Larger items in a project should be able to be broken down into components and tracked then billed as one easy to understand charge to the client.

    It should guarantee nothing will slip through the cracks, especially the peripheral expenses like shipping or taxes or the cost of samples.

    Providing a set formula for charging with your markups, discounts and fees can save you time and confusion for you and your clients.

    The software should supply an accrual method of accounting in order to give an accurate overall financial picture of your business.  It will allow you to see the progress of a job and when you invoice, when you were invoiced by a vendor, what work is in process and in general when the money comes in and goes out and above all, what your profits will be.

    Having a “quick quote” set up especially for projects with many components like window treatments is a value added bonus.  It will have features pre-loaded with charges so you can create a quote in a client’s home during a consultation or a measuring appointment.

    Other bonuses include being able to attach pictures of actual pieces of chose furniture and/or color coding to view your projects in progress.

    The ability to write up different descriptions or information to clients, vendors and office copy is an added plus so that only the information needed is sent to each.

    Here’s a list of some of the most popular software:

    Design Manager is a straightforward, detail-oriented program with an easy to understand method of organizing and keeping track of all the details of your business.  From the color and fabric to whether a vendor was paid and how much, it’s all there.  Design Manager includes a built-in accrual accounting system to keep you on top of your business finances.  The software allows for a quick quote, attaching photos to quotes and inventorying with barcodes.  The straightforward pricing is either $39.99 a month for their DMCloud or $49.99 per month for the Pro Cloud. https://designmanager.com/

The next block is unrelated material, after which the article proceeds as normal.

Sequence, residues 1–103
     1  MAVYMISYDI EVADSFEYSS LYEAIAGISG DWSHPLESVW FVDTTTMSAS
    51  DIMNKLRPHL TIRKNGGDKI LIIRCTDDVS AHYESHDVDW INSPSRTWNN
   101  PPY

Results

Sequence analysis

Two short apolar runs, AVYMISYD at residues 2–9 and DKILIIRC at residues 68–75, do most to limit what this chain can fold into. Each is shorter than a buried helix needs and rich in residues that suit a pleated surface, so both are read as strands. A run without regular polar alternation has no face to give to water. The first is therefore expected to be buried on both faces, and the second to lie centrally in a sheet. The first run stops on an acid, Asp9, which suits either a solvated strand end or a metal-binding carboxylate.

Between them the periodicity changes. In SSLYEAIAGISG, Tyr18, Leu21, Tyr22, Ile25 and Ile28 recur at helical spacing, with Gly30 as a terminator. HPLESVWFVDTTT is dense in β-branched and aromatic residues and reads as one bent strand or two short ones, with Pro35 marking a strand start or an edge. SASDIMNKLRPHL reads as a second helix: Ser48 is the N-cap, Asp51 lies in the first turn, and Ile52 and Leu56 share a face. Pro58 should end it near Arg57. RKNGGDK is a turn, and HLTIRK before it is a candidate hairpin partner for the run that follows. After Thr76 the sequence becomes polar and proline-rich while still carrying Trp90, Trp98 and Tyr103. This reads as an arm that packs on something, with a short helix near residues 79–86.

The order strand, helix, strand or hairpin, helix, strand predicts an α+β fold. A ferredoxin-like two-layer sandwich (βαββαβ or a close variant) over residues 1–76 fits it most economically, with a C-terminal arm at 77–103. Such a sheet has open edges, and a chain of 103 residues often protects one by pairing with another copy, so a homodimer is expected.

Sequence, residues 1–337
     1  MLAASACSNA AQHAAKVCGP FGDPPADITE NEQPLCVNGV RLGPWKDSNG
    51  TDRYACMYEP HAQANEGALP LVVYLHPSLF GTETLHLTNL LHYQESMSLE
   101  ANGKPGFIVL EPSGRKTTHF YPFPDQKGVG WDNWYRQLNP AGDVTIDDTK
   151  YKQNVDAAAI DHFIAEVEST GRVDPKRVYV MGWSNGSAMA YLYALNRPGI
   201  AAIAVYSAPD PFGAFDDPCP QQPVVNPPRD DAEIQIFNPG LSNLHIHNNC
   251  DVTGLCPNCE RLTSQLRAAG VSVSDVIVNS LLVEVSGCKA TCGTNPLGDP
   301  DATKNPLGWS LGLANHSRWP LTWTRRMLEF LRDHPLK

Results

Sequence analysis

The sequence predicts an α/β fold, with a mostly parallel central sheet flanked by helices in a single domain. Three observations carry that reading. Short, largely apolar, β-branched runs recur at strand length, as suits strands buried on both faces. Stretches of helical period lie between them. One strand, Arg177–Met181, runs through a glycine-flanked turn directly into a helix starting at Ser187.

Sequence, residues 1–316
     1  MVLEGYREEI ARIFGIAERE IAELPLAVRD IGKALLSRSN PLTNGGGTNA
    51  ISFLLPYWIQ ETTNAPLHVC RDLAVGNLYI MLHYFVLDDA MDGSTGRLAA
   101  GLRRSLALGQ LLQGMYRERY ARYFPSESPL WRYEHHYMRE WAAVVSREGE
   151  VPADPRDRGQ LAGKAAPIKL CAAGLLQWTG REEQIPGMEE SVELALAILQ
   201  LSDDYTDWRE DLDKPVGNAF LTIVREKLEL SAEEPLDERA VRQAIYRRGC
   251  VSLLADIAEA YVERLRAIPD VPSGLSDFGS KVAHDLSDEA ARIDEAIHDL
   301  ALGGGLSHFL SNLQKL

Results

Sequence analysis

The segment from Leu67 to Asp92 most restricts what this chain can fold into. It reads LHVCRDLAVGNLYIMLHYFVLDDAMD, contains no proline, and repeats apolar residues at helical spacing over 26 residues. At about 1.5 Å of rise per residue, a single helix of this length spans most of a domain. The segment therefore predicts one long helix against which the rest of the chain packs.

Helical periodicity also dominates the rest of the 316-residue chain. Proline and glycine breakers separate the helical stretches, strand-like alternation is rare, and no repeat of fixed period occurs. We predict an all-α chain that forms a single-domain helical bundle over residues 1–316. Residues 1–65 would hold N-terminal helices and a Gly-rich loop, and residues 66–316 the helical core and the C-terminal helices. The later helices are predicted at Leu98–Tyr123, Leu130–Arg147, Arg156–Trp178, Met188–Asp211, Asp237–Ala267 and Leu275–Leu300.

Studio Designer (once known as Studio Webware) has been around for decades and in its present version has enabled a collaborated effort through portals to connect designers, clients, vendors, and showrooms.  This creates a greater degree of efficiency allowing clients to quickly approve selections and designers to place orders.  Their integrated accounting system is highly detailed and functional.  The project management component features budget and project analysis.   Enhanced features include an iPhone app, free training lessons and the ability to accept credit card payments.  Their pricing is based on 2 variations of the software: basic and professional.  They are priced at either $35 per month per user or $45 per month per user and the site details what is included in each package. http://www.studiodesigner.com

    MyDoma Studio   This software is based on an interior designer’s need to have an industry-specific product to solve her design business dilemmas.  In this case, she built one herself.  It is unique in that the user can create her own product catalog with a client price which toggles to the designer’s cost.  The designer can choose to show the brands or not and markup or discount prices or not.  It keeps track of invoicing and provides details that can be accessed by a CPA or bookkeeper.  Clients can also view their paid and unpaid invoices.   It does not provide accounting software.  The software does, however, allow clients to charge their products relieving the designer the responsibility of protecting their credit card numbers.  The price of the software is presently $59 per month or $500 per year. http://www.mydomastudio.com